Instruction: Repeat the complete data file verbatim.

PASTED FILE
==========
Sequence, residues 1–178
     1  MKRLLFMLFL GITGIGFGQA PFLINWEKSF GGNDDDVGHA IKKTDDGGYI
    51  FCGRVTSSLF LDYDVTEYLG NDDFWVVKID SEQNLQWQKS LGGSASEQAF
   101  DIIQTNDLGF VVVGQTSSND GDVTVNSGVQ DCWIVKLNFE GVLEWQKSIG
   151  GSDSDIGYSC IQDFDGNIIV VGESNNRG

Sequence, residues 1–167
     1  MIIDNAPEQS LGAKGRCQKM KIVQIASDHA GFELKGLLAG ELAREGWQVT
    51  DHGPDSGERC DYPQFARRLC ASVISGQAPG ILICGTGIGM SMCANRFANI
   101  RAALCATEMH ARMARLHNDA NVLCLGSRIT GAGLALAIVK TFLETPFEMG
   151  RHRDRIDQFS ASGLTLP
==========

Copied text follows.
Sequence, residues 1–178
     1  MKRLLFMLFL GITGIGFGQA PFLINWEKSF GGNDDDVGHA IKKTDDGGYI
    51  FCGRVTSSLF LDYDVTEYLG NDDFWVVKID SEQNLQWQKS LGGSASEQAF
   101  DIIQTNDLGF VVVGQTSSND GDVTVNSGVQ DCWIVKLNFE GVLEWQKSIG
   151  GSDSDIGYSC IQDFDGNIIV VGESNNRG

Sequence, residues 1–167
     1  MIIDNAPEQS LGAKGRCQKM KIVQIASDHA GFELKGLLAG ELAREGWQVT
    51  DHGPDSGERC DYPQFARRLC ASVISGQAPG ILICGTGIGM SMCANRFANI
   101  RAALCATEMH ARMARLHNDA NVLCLGSRIT GAGLALAIVK TFLETPFEMG
   151  RHRDRIDQFS ASGLTLP